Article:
I removed my crown and guided my prize across the counter top.  A manager was called to assist.  A special bag was requested from the back.  The bag arrived.  My  treasure, my 37-cent plastic Viking helmet, horns and all, was put in a protective plastic bag.  I was the proudest tourist of all.  Proud even when I had rested the war helmet on my head and, behind my back, all the couples, while trying on matching mittens, were snickering at me.  Still then, I was the most proud tourist of all. 

     I imagined my arrival in Texas.  I would step out of my plane to greet waiting friends, family members, a media crew, lovers (lost and new), and co-workers.  They would all be wondering how my trip was.  Among their gasps, whispers and rumors, they would all see me step out of my plane.  I would don the Icelandic symbol.  Wearing the Viking helmet, all of their questions would be answered.  At that very moment, I would put my followers at ease.




     I walked out of the store promising myself not to unleash the cultural artifact until I was back in Texas.  I quickly returned to camp to hide my new and most prized purchase.




     It was late afternoon.  I promised Curver I would stop by his store before I left.

     I went to the store where Curver worked.  The clerk yelled out some Icelandic.  Curver came over.  We debriefed each other on the last couple of days.  He invited me over to his parents’ place so I could see his home studio.         Curver informed me that he had called ahead to his parent's house and there was no option; I was to have dinner at their house.  Here was the bonus: his dad was a gourmet chef for the premier chancellor of Iceland.  Was I really the one that should have all these ambassador responsibilities?

     Well, like bringing home the third grade classroom hamster, there was quite a bit of commotion and excitement at the house when I arrived.  I was immediately whisked around the house and the tour ended with us all standing in a communion fashion around a picture of Curver’s Dad with President Clinton.  Then, very quickly, I was led to the banquet room.  Good God.  The dinner was like a classic medieval dinner celebration; a pig roasted with an apple jammed in its mouth would not have been out of place.  This was a rather large change from my week of oatmeal and ramen.  The table was a sampler of all the food groups, representing many different cultures.  I learned this was how every evening was like at the house of Curver.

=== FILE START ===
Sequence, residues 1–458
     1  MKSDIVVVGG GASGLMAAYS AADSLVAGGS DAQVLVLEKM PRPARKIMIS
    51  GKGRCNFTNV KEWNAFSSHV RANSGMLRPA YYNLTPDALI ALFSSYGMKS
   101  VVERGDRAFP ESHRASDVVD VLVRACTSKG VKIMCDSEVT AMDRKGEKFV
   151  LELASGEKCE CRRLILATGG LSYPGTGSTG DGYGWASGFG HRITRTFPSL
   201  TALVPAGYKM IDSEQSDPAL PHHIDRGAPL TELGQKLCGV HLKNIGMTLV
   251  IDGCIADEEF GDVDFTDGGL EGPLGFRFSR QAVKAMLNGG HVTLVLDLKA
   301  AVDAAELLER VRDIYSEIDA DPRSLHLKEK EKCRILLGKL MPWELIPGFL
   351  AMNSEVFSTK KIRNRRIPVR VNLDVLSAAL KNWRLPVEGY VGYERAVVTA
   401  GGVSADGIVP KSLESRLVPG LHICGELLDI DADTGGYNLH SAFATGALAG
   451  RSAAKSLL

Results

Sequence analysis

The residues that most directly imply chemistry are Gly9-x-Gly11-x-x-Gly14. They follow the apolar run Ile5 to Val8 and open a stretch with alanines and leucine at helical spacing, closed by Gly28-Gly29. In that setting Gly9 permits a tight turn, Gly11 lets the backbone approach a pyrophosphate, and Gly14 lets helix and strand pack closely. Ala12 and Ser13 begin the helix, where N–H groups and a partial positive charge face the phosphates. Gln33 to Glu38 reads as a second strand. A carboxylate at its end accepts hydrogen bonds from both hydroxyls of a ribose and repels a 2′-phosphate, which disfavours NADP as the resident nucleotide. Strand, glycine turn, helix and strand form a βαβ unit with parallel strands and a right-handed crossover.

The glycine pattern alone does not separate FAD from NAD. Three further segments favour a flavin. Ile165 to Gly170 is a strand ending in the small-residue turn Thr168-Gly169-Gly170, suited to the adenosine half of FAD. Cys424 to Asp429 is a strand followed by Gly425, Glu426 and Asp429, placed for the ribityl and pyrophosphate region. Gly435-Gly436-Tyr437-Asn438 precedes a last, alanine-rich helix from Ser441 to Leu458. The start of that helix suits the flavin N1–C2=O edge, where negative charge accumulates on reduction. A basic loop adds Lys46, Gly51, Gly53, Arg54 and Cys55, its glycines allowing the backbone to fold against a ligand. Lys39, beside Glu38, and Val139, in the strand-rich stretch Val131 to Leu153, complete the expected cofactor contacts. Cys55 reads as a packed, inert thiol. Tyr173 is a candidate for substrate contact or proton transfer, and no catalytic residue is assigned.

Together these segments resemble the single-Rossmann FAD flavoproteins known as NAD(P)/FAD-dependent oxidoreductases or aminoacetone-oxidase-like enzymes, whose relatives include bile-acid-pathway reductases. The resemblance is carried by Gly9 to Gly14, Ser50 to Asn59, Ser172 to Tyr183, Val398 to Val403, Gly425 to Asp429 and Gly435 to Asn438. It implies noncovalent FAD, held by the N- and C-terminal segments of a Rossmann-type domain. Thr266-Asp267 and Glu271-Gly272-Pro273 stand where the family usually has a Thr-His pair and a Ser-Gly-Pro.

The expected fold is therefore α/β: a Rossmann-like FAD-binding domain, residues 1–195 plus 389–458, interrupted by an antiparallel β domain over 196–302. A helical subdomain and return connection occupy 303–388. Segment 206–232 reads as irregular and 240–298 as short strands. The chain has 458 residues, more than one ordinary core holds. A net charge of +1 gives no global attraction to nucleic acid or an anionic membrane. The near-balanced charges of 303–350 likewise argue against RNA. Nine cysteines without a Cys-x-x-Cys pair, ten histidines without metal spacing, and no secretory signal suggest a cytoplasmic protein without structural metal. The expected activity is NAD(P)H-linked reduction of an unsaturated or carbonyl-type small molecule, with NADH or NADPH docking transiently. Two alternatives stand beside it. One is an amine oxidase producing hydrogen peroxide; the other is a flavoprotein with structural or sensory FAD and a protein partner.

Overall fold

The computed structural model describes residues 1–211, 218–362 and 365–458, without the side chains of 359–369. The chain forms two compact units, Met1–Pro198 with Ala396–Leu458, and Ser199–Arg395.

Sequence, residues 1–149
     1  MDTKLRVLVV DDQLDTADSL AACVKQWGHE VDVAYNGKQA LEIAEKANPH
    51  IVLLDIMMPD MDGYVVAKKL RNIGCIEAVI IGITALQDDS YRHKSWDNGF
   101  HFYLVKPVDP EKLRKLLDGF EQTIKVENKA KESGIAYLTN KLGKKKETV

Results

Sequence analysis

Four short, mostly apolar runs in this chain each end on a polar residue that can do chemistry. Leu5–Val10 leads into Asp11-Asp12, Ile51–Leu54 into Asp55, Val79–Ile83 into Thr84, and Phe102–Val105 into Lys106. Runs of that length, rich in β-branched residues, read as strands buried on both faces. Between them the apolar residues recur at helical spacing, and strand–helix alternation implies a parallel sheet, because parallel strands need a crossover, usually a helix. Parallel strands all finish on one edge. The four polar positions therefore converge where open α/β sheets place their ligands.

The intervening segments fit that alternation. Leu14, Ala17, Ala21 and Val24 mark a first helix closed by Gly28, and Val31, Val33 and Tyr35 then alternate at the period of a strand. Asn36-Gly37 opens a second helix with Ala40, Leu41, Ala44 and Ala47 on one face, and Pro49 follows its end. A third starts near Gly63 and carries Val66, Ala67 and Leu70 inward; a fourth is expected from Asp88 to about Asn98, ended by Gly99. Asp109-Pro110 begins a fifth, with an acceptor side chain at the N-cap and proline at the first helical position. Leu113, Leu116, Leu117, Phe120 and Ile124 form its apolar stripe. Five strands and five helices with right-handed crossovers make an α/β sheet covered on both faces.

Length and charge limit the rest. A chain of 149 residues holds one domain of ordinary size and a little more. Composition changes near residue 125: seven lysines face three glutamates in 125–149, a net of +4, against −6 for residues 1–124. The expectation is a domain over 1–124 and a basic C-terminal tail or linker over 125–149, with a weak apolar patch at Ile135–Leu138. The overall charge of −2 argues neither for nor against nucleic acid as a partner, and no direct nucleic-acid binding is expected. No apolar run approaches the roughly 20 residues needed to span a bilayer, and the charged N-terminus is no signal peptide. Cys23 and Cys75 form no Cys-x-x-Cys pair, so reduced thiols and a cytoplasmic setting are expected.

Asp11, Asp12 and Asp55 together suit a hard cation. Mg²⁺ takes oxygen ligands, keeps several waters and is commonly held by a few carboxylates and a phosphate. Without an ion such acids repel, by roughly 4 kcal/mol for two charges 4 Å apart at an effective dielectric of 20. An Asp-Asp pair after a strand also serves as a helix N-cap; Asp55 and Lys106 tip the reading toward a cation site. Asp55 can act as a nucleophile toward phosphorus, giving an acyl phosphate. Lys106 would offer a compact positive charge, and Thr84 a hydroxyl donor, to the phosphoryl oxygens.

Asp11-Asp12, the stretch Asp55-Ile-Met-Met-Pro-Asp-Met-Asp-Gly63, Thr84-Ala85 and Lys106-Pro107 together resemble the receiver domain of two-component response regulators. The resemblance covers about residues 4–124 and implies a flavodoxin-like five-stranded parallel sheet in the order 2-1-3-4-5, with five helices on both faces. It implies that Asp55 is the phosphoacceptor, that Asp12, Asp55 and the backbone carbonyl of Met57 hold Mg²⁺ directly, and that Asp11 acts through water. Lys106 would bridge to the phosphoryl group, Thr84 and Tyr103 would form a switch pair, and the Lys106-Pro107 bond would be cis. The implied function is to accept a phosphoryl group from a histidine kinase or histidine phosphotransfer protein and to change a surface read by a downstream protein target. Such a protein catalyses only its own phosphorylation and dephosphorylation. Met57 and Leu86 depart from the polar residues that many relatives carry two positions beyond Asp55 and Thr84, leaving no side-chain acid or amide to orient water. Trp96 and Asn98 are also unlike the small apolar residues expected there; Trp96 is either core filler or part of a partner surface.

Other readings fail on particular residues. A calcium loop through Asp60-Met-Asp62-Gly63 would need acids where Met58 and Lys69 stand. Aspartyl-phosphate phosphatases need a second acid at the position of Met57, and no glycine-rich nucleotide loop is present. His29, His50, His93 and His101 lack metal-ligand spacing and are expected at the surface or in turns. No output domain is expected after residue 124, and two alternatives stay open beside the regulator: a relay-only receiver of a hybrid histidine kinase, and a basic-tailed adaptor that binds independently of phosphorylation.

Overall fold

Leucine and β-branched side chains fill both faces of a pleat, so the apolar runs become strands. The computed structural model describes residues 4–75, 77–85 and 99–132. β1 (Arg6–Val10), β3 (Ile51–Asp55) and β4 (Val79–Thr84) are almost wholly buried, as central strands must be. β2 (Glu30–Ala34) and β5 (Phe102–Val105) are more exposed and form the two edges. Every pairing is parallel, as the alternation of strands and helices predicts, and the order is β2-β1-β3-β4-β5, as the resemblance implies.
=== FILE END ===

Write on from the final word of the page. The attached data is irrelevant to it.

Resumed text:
At dinner, Curver's parents kept bringing platter after platter from this magical gourmet oven.  I must have sampled over ten international dishes.  I finally had to decline any more food.  I was afraid that any more food pressure on my digestive system would unfortunately cause uncontrollable leakage from the other end.  I hung out a bit and then Curver drove me home.

     Driving home, I realized that in twelve hours I would need to get up and take a bus to the airport to depart this adventure. 

     Curver dropped me off.  I was left at my tent with my supplies and a handful of Icelandic change.  I was not ready to pack, but, I was very much ready to go home.  I had experienced so much stimulation in the last three and half weeks that I was physically very exhausted.  I tried to imagine home, my bed and now the one thing I missed most--night.  I had not seen darkness since I had left Texas. 

     I tried to imagine darkness as if it were some tourist site that I had visited before.  I imagined what night was like with streetlights, car headlights, the moon, my pitch-black room, and me in my bed.  Night was something rustic to me now.  Night seemed almost obsolete.

     My thoughts moved to what I would tell my friends when I got back.  I was nervous about what I would have to tell everyone.  How would I explain and describe three and a half weeks of pure nonstop excitement?  Where would I start?  Could I even get across to them what it was like?  I now imagined how I would avoid this problem. 

     I imagined myself arriving back home in the middle of the night while everyone was sleeping.  I would sneak up in to the attic.  I would stay up there for weeks avoiding the intimidation of telling all my friends what had happened.  I would continue to stay up there in the attic.

     I was surprised how nervous I was about going home.  I wanted so badly to go home.  Yet, I didn’t want to insult my experience and have to compress Iceland into quick interesting sound bites just to appease my curious and expecting friends.  I didn’t want say,

     “Oh yeah, god, it was so much fun!”

     I wasn’t quite ready yet to accept that I was leaving.  So, I took my Icelandic change to the local grocery store.  I was looking for novelty gifts for others back home.  I wanted to buy pieces of Iceland for me too.